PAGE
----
Daring Deeds - real stories, expeditions, road trips and adventure
There is something truly magical about being up high in the mountains, following the line joining the highest points with the ground dropping away on either side of you. Particularly in winter, this can give exciting enough terrain to keep your mind engaged, whilst allowing for quick enough movement to keep warm. And the views are guaranteed to be epic!
Last weekend, my friend Dave and I travelled north to Torridon to traverse the immense mountain of Liathach. We decided on an East to West traverse, taking a low line out to the crest to avoid the potentially loaded snow-slopes.
The west coast hills are stunning. Each arising, individual giants, from an otherwise quite flat landscape. This makes the mountains look closer than they are; but an hour later, when you are still on the flat approach, you realise that they are actually both far away and giant!
The day was a lot more challenging than I had expected, we had to break trail through deep snow and there was wet slidey snow on all the scrambling sections. I hadn’t thought we would need our rope, but it came out several times to protect ourselves.
Two days later, at the end of my day’s work as a junior doctor in Oban, my boyfriend Alex messaged to tell me the sky looked clear in Glencoe. We had been keeping a vague check on the weather for a few weeks, intending to do an overnight winter traverse of the Aonach Eagach. This is a ridgeline above Glencoe, dubbed the hardest mainland ridge in the UK. We had done it as an overnight (double) traverse last year in summer condition - I’ve never actually done it in the daylight!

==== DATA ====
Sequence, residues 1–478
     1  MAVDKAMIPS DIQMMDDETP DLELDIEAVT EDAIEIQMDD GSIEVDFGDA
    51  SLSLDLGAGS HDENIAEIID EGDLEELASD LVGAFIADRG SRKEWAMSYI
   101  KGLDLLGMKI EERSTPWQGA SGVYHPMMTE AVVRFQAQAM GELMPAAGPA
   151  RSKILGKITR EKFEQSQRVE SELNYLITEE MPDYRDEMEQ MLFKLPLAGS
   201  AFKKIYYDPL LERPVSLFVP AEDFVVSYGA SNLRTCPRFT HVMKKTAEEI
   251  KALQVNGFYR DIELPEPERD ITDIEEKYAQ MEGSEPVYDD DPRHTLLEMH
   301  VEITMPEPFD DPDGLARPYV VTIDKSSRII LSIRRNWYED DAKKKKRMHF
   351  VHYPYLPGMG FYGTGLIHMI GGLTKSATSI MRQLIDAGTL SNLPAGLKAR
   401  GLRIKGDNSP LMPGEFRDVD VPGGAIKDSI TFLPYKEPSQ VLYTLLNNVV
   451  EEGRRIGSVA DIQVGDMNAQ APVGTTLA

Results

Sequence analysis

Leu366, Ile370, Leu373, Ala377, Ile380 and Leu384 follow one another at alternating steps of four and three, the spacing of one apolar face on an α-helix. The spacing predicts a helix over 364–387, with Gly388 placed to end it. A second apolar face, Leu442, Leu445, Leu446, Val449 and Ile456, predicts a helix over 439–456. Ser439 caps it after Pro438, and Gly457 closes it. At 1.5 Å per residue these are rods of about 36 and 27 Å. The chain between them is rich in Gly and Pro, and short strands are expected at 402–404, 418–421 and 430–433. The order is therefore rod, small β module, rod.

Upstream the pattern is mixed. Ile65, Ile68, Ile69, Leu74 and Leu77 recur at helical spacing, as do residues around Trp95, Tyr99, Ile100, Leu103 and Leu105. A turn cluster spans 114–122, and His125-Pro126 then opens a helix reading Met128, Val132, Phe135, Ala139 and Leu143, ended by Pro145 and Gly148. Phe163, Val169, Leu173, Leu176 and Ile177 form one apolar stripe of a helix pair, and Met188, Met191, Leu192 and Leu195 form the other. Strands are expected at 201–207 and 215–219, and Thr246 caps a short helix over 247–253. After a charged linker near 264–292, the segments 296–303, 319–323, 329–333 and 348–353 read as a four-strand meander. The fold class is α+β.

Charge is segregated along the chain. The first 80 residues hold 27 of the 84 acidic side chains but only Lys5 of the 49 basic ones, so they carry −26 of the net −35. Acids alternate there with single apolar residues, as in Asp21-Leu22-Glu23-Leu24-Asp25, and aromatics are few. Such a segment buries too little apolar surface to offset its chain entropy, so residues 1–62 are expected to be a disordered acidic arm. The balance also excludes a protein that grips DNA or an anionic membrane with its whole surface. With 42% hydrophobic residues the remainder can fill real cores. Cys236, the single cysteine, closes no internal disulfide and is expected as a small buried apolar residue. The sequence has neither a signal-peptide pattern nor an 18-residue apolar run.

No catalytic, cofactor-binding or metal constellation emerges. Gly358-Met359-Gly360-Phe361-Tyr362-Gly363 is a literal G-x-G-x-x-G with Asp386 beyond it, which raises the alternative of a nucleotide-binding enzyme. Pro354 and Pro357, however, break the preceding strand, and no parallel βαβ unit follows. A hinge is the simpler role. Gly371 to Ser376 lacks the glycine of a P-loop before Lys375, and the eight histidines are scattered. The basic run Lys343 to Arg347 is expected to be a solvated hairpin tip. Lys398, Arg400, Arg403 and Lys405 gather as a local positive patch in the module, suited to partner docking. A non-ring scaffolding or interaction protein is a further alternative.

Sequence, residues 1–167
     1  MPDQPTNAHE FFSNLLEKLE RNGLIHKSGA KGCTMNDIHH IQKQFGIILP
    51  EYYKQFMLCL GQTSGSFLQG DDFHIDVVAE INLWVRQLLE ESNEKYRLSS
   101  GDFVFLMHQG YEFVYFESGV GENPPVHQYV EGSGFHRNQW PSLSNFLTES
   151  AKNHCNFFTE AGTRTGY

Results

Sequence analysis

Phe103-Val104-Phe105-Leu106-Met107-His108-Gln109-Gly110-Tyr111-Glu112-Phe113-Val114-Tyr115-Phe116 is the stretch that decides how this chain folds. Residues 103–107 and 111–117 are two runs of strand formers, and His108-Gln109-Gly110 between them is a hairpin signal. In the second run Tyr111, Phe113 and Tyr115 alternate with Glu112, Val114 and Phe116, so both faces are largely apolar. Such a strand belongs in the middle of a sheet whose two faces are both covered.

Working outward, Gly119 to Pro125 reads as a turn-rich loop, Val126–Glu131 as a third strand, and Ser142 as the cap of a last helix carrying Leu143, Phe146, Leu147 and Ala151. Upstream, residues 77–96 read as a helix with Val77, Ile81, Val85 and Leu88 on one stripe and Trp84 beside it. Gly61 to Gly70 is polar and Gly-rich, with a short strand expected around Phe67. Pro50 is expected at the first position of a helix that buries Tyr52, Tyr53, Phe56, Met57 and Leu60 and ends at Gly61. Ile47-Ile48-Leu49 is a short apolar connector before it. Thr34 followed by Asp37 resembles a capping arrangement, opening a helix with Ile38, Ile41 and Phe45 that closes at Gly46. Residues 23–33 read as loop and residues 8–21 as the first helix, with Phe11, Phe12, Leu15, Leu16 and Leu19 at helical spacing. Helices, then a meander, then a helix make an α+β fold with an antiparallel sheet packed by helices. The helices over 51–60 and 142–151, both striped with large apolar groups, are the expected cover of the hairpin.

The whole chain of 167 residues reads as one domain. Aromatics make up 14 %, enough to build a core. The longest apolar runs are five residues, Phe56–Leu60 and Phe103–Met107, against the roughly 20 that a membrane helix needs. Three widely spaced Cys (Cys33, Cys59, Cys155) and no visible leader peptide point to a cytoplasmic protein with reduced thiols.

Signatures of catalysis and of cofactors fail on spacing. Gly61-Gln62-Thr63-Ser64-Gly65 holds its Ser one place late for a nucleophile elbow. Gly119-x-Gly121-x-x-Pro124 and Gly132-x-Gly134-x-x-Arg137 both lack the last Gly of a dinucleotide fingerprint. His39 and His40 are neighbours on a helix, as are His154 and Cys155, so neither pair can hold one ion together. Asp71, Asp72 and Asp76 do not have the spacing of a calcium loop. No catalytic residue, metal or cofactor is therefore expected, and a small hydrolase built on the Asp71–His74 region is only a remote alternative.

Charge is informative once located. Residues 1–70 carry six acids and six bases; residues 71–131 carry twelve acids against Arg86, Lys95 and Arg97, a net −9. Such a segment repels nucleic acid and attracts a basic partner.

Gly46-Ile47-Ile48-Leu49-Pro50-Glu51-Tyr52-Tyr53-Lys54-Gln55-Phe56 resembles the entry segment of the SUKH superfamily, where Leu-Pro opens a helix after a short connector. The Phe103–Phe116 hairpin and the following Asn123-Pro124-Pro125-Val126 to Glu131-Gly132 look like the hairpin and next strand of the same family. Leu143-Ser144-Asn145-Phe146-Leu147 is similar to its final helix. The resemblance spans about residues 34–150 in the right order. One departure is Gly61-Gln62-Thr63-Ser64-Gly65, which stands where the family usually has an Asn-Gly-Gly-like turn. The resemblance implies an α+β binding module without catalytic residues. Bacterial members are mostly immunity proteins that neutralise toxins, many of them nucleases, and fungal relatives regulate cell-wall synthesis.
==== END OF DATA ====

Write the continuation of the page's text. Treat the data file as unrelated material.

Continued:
As I drove over from Oban, I was both tired and energised by the prospect. The weather forecast was not perfect but sometimes you just need to look up and see, and there was a brilliantly clear sky full of stars. We decided to go for it and I think we knew it was the right decision from the moment we left the car.
The snowline was at about 700m, so the ridge was in full winter condition. There were a few centimetres of fresh snow since the last tracks, but the snow beneath felt well consolidated. The forecast was for minus nine temperature and fortunately we were sheltered from the wind.
Sometimes winter climbing feels like ‘type 2 fun’, but this night was one of the most prolonged doses of type 1 fun I have ever had the pleasure of enjoying! The scrambling was fun, exciting and secure. The rope stayed in the bag all night. It just shows how variable Scottish winter can be depending on the conditions.
I slept about 4 hours that night before driving east to go ski-touring with my friend Pete. We set our sights on a remote munro in the Monadhliath, but basically ended up taking our skis for an extremely long walk! You win some and lose some, but you need to try!
To stay up-to-date with the adventures of GB Ice Climber and Alpkiteer Anna Wells, follow her on Instagram
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